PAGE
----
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These Simple Truths

Imagery is a great way to describe the human experience: hurricanes in our hearts; life’s a roller coaster ride; riding the waves; days feel like a merry-go-round, up and down and going nowhere. There are many more, I’m sure, but even this handful of examples depict a pattern of movement, uncertainty and a degree of chaos; truly what we encounter in life, is it not?

As I strive to keep my balance in this topsy-turvy world of which I am a resident, it is the simple truths to which I grip. The Bible tells me to be a faithful steward of what is entrusted to me, to mind my own business, and to live in a way that encourages others to worship God. I want to be a catalyst for good change in my community; I want to move mountains for the causes closest to my heart; I want to publish a book that will be read for generations to come. I don’t know if any of those things will happen, but I do know that there are many things I can do today that I won’t ever regret doing.

I will not regret:

  • Nurturing house plants in every room.
  • Growing wildflowers with my children.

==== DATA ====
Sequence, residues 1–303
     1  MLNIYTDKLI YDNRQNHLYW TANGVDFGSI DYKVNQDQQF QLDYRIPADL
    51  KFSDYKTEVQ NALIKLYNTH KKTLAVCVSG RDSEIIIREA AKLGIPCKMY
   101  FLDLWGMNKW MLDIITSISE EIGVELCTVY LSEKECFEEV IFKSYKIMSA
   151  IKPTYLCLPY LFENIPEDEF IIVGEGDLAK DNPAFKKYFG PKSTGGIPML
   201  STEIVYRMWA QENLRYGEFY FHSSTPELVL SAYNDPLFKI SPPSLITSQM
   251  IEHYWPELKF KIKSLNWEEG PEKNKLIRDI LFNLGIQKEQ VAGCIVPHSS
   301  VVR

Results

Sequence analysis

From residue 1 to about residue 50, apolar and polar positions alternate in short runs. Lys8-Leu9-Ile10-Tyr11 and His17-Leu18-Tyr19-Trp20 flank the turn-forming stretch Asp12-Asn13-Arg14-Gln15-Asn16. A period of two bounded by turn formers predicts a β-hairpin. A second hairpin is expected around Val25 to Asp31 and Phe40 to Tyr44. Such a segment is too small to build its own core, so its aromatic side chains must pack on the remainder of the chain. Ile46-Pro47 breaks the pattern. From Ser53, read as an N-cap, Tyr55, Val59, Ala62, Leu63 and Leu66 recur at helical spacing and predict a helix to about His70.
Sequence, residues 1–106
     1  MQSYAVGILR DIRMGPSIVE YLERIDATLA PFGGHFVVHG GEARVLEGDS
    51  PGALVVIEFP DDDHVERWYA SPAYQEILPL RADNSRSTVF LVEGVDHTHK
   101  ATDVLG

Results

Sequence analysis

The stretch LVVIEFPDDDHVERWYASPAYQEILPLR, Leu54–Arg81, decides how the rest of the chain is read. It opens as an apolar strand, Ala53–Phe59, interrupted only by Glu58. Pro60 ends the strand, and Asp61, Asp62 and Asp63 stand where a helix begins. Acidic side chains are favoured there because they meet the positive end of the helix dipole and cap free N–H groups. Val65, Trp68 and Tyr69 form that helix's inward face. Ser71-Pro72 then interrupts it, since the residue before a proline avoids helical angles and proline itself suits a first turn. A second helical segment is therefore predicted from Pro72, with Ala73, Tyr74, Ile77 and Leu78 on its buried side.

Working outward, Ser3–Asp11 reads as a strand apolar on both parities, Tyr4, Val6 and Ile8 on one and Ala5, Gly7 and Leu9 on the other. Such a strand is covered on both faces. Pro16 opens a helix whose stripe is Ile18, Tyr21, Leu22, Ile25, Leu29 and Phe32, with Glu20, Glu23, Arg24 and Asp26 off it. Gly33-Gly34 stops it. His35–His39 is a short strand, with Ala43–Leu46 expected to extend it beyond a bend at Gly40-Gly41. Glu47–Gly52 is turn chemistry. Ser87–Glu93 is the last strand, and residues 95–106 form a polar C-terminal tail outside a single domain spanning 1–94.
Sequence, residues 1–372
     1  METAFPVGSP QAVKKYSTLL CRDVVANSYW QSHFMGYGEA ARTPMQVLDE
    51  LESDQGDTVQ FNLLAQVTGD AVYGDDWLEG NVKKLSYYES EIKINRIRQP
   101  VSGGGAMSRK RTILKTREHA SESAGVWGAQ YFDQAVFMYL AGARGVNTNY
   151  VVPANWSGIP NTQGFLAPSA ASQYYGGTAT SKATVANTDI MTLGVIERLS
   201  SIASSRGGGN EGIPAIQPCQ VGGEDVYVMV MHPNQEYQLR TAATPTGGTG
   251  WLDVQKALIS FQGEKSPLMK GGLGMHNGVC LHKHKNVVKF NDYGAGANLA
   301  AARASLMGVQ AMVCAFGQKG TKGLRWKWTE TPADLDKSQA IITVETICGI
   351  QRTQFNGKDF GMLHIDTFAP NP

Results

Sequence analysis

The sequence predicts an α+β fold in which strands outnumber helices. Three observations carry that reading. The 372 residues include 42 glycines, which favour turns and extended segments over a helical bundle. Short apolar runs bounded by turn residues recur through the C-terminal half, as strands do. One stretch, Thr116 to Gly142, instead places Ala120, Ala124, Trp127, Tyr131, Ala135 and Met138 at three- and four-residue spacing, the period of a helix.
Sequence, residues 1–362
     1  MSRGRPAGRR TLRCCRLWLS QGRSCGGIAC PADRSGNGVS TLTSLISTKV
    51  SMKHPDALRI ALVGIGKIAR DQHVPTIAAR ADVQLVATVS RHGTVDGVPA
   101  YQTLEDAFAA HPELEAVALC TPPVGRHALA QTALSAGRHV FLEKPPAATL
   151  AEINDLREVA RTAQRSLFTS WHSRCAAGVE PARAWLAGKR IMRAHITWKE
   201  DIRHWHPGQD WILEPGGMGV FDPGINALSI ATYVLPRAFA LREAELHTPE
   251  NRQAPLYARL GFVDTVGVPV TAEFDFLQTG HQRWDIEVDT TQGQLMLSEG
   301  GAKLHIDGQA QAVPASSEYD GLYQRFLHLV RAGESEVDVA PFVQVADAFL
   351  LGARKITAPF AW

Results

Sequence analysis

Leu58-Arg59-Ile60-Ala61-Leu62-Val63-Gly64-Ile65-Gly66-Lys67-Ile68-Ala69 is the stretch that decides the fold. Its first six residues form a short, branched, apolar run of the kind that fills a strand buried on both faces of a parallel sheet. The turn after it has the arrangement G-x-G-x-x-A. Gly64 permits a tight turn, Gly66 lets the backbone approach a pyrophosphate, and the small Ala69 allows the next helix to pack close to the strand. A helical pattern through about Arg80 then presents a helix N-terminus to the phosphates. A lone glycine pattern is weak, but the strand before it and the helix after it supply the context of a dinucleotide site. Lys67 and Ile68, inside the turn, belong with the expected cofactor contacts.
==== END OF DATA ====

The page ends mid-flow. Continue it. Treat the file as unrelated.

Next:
• Lighting a candle at dinner time.
  • Developing music appreciation in my children.
  • Reading books every day- alone or with my family.
  • Sipping tea.
  • Praying with my husband.
  • Giving generously.
  • Responding to anger with gentleness.
  • Putting forth the extra effort to bake bread from scratch or making a hot, 3-course meal for my family.
  • Maintaining a simple housekeeping routine that even my children can follow.
  • Joining in playing pretend.
  • Laughing
  • Hugging
  • Crying when the tears need to flow.
  • Going outside and gazing heavenward.

This morning I read Ephesians 4:17-32. It was completely applicable for today’s culture: the ignorance, the anger, the hearts hardened towards God. But the culture doesn’t dictate how I must live. I am still called to hold to the simple truths of Christlikeness that are timeless in their relevancy.

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For Them I Speak

*I write with the presupposition that by discussing one topic it does not render another less valid. My motive for writing is not to offend but rather to be a voice for those unable to speak.

Humans tend to seek the path of least resistance so we often tune out what we don’t want to hear or think about, and injustice continues. In the midst of the chaos and confusion swirling through our streets, our friendships, and our newsfeeds, I see the value in the spotlight being shone on crimes committed against humanity both historically and currently. We can ignore them no longer.